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Andrews & Associates is an established search firm working exclusively in the areas of state income and franchise tax, sales and use tax and property tax. For over a decade, our reputation has been founded on integrity, quality results professionalism and confidentiality.

Exploring other career opportunities is a sensitive issue which must be handled with extreme confidentiality. For this reason, we never submit your resume to a prospective employer until we have your permission to do so.

At Andrews & Assocaites, our goal is to partner with you, not just during a job search, but throughout your career.

 

Have you ever sat down at your computer with tons of information to include in both your cover letter and resume but didn't know where to go from there? Many people get stuck at this stage because they're afraid they might use the wrong words to describe their skills and accomplishments.

If you've felt this way, you're not alone. However, there are simple ways you can avoid having your resume and cover letter sound too weak, limited, or vague.

Tell Them What You Did - Not What You Should Have Done

When creating a cover letter or resume, some people get in the habit of using passive words and phrases that sound more like a description of what they should have done on the job rather than what they actually accomplished. For example, the phrases "responsible for" or "duties included" draw a picture of what your previous employer wanted you to do, but don't tell whether you actually accomplished their goal. A good way to turn this problem around for the better is by using action verbs like managed, wrote, collaborated, and demonstrated followed by specific tasks you completed. This will help you provide your prospective employer with a good example of your current skill level.

Empty Words - Proceed with Caution

The following list of words are good to use under some circumstances, but should be used with caution: aggressive, creative, determined, flexible, competent, logical, independent, successful, well-organized, and meticulous. Stating that you are all of these things does not explain how you are any of them, which essentially gives them empty meanings until they are applied to specific actions you've taken. So instead of using them to describe yourself, try using them to describe a campaign you initiated, event you organized, sales strategy you implemented, or team you developed. That way you'll give your prospective employer insight into your true skills and capabilities based on past experiences.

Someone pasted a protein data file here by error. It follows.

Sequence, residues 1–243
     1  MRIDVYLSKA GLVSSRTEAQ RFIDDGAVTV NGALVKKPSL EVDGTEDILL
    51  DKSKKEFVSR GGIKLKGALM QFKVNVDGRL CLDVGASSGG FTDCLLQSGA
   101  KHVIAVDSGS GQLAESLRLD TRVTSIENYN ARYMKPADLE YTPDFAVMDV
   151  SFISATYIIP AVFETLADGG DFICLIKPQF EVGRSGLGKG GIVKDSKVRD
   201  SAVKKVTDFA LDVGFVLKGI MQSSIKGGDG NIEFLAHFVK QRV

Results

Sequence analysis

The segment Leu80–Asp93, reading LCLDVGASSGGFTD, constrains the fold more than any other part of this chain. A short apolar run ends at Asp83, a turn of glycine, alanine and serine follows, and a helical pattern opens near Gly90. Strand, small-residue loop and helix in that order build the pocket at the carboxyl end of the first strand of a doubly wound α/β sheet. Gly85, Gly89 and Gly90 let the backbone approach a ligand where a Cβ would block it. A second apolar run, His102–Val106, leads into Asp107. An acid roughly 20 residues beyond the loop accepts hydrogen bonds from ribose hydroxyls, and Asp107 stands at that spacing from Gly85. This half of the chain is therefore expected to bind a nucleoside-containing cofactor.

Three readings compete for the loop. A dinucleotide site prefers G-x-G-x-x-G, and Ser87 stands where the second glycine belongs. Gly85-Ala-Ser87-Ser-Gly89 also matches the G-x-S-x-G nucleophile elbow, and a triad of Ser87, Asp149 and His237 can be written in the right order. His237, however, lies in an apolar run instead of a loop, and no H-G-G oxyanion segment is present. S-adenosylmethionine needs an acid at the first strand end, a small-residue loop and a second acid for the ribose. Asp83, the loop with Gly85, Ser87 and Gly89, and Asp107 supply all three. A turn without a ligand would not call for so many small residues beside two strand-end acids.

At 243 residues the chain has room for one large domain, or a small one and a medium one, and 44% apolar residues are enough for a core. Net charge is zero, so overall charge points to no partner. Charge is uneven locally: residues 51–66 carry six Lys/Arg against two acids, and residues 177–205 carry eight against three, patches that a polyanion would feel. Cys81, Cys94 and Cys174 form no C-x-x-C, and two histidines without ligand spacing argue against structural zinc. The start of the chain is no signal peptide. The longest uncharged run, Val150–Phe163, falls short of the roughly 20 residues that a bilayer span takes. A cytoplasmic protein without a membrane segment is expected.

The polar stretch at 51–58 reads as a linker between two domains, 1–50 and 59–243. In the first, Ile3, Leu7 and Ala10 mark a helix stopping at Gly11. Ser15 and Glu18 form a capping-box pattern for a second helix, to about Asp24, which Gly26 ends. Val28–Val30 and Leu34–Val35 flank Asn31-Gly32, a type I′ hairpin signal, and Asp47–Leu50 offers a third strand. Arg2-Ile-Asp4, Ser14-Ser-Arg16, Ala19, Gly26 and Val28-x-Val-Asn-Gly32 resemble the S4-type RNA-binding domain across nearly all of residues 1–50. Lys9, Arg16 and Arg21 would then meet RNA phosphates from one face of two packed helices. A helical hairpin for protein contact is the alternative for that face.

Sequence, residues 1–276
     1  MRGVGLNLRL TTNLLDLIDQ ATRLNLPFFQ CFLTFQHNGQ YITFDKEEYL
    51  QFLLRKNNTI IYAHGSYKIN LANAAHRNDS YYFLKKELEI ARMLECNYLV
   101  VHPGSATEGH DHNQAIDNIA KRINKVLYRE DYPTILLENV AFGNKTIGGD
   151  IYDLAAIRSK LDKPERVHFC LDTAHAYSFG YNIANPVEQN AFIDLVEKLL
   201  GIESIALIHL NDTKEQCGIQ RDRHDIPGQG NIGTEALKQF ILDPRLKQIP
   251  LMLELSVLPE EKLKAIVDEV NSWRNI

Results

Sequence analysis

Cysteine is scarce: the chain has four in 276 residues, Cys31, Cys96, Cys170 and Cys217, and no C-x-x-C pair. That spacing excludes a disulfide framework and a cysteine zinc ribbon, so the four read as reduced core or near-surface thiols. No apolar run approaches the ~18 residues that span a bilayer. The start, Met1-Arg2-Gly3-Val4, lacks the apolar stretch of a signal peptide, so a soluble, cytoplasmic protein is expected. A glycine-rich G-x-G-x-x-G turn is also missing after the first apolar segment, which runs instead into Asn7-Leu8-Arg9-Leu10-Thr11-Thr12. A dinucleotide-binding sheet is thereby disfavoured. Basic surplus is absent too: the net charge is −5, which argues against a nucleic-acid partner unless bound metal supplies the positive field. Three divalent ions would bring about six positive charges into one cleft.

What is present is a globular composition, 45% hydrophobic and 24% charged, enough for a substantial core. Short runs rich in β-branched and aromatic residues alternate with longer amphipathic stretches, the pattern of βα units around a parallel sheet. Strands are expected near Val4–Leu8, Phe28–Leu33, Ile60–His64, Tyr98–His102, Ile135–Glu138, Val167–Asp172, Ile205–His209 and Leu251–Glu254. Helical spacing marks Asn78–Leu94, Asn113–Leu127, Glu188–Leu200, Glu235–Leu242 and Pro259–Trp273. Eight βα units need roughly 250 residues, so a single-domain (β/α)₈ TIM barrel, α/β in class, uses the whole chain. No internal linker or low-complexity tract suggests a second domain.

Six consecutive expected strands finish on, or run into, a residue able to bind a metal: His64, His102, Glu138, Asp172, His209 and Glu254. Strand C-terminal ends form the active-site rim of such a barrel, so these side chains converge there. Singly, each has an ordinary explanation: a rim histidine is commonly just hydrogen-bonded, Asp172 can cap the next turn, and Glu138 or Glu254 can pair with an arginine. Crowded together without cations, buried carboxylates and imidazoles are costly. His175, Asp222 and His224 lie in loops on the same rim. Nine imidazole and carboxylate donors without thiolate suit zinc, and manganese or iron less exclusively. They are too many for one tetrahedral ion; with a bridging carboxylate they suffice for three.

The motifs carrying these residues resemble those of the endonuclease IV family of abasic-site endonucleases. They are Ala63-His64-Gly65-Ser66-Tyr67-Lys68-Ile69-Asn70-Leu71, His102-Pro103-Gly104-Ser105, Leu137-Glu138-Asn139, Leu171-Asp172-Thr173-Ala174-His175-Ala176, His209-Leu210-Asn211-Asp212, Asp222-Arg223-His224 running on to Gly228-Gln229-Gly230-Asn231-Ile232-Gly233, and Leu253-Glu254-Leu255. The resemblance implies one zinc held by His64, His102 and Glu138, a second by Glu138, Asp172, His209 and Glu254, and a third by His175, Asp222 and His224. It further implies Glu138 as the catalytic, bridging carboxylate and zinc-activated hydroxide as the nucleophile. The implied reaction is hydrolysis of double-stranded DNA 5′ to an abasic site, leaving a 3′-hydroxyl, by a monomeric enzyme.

Don't Forget about Keywords

Because so much of the job search process relies on Internet applications or online job databases, it is a good idea to focus on specific keywords that will make your resume and cover letter more searchable on the Internet. So in this case, you will want to veer away from words that have nothing to do with the field you're looking to work in. For example, if you want to work in the fashion industry, there's no need to use a lot of words focused on cars, clocks, cups, telephones, pencils ... you get my drift? You will instead benefit from using keywords like fashion, textile, fabrics, garments, and other words that you imagine employers in your specific industry will be typing in during their online resume search.

Learning the words and phrases you want to avoid on your resume and cover letter will help you to provide more accurate information regarding your career skills. So think in action verbs, avoid empty meanings, and choose industry-specific keywords. Doing this will definitely benefit your job search in the long run.

 

Heather Eagar is a former professional resume writer and is passionate about providing working professionals with current, reliable and effective job search tools and information. Check out reviews of the top resume writing services in the industry at http://www.resumelines.com


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